Nothing neutral about August policy of Reserve Bank of India
The Reserve Bank of India is clearly wary of the threats posed by a US-China trade war and volatile markets
Not everyone expected the Reserve Bank of India (RBI) to hike its policy rate on Wednesday, but its six-member monetary policy committee voted to do just that. Perhaps those who hoped for a status quo should look at this statement by RBI governor Urjit Patel at a press conference after the policy: “We have been away from 4% number for several months now. We took two steps, one in June and one in August, to maximize our chances that we don’t drift away from the target.”
The chart above shows why Patel made that statement.
Retail inflation, both at the headline level and for individual items, increased over the last three months. What is more relevant is that inflation rose faster in rural areas. At such a time, the hike in minimum support prices (MSPs) for kharif crops will only worsen this upward pressure on rural inflation.
Indeed, the central bank in its statement said the key reason for the rate hike was the proposed increase in MSPs and its impact on the headline inflation number. That said, RBI concedes it is challenging to accurately gauge the impact as it would depend on the procurement of crops by the government over the second half of this year.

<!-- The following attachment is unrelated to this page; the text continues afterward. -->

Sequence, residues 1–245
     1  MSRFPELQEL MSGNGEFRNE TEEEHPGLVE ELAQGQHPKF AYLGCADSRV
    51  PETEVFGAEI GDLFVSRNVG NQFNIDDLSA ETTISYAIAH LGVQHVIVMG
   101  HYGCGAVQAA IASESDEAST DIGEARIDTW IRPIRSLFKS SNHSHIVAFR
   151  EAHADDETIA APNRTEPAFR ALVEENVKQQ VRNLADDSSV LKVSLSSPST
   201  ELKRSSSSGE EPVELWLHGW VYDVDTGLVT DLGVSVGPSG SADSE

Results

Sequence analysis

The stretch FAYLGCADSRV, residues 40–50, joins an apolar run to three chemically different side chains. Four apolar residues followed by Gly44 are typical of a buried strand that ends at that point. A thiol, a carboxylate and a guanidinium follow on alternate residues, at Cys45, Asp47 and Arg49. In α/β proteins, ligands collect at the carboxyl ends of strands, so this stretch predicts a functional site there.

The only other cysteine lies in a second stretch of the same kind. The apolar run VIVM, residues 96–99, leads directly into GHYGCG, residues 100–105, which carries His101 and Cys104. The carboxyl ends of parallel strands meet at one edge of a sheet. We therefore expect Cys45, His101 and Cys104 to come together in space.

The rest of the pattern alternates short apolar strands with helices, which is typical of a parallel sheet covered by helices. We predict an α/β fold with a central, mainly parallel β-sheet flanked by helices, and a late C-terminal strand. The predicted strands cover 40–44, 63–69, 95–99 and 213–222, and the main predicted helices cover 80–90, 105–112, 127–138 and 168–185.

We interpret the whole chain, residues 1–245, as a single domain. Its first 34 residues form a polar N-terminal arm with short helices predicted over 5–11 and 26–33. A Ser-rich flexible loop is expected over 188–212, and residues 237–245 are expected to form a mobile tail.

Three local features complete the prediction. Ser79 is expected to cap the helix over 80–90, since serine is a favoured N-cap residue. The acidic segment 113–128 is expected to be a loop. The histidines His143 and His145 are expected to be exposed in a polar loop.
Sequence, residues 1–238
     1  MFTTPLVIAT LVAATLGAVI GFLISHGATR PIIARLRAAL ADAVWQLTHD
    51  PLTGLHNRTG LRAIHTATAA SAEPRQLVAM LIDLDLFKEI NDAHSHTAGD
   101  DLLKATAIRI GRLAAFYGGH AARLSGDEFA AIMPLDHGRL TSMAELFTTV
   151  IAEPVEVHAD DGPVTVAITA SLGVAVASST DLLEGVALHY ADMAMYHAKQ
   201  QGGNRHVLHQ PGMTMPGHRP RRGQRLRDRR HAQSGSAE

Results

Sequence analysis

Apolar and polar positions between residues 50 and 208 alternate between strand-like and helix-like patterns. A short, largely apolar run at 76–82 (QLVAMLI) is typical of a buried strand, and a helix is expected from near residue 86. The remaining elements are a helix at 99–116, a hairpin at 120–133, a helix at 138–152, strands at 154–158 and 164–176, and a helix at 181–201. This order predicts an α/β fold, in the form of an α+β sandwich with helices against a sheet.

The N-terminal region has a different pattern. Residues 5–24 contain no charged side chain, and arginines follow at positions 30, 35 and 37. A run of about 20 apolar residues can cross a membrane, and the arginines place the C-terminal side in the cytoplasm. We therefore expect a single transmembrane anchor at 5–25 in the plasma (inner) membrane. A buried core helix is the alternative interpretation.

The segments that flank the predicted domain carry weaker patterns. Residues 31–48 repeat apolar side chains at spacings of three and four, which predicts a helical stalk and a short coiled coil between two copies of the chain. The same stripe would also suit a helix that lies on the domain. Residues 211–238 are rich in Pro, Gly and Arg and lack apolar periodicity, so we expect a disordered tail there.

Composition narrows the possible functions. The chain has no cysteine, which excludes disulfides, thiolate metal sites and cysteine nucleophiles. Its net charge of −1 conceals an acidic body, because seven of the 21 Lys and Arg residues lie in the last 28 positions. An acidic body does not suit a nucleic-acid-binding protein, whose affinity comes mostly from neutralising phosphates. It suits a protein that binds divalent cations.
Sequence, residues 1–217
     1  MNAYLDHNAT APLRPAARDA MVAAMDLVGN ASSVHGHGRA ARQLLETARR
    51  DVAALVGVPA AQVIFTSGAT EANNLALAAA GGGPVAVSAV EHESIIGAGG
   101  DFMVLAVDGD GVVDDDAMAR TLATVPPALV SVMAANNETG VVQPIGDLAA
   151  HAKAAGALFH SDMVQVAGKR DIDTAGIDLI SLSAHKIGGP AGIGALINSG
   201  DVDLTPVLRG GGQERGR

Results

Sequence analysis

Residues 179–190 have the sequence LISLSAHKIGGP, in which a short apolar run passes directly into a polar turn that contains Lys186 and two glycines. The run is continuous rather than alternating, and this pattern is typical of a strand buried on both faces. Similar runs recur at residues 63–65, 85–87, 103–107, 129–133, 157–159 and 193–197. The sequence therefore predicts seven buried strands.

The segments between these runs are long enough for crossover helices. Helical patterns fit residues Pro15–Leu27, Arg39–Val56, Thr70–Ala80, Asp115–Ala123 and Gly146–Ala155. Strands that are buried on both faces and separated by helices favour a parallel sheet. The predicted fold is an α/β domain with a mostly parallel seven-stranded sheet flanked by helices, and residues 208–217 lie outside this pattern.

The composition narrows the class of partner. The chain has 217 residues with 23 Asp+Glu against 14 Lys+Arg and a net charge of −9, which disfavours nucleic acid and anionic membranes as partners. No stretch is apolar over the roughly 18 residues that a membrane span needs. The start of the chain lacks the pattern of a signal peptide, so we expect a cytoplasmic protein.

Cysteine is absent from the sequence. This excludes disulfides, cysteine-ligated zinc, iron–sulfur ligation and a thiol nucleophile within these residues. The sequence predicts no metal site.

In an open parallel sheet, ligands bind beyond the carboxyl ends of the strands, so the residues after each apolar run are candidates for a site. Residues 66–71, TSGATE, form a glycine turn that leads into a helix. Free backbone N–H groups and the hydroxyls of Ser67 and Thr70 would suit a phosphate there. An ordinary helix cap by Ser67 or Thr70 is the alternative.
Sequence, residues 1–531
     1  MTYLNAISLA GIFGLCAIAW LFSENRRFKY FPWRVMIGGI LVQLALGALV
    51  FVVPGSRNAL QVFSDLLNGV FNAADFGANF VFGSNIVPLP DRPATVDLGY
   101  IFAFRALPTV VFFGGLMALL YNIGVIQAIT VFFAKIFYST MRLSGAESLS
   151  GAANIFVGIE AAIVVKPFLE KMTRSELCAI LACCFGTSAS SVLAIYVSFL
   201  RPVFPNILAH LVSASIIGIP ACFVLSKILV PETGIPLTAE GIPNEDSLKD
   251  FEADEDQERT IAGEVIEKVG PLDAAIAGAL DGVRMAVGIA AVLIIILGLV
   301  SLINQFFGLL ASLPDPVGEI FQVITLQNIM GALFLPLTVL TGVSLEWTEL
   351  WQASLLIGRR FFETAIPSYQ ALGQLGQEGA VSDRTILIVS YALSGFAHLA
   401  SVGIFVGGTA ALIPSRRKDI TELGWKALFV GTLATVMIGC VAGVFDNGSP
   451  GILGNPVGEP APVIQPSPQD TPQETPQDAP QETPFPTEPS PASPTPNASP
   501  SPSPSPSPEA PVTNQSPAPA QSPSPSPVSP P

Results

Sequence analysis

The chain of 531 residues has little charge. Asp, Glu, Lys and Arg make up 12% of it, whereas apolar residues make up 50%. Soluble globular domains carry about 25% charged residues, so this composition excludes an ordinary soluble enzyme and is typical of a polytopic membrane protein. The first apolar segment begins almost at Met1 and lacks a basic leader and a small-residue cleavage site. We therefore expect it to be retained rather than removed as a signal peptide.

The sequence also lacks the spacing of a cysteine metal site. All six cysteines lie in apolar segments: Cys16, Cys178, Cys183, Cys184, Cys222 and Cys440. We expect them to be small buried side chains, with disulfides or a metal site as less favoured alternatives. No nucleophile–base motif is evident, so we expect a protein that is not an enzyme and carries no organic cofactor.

Even so, the central bank wins points for hiking rates proactively by pre-empting the impact. After all, monetary policy measures work with a lag. Even as farmers are likely to benefit from higher prices and thereby increase consumption, the pricing power of corporates is likely to strengthen too. This means rising input costs could be passed on to customers by companies as economic growth improves. RBI has sounded sanguine on growth pointing to the rise in bank credit, robust commercial vehicle sales and improving construction activity.
Also read: RBI frontloads rate hike, more on the cards
Add to this mix sticky and rising core inflation and there is a perfect recipe for a rate hike. Some analysts expect another one in the rest of FY19, considering that upside risks are unlikely to abate by then.
Since RBI cannot ignore threats from trade tensions between the US and China and volatile financial markets, it has maintained the neutral policy stance. But in all respects, the central bank’s policy statement was anything but neutral.
The rate hike was well taken by the market given that bond yields hardly budged, the exchange rate behaved and rate-sensitive stocks fell only marginally. While loan rates may go up, it is unlikely to disrupt borrowing in a big way.
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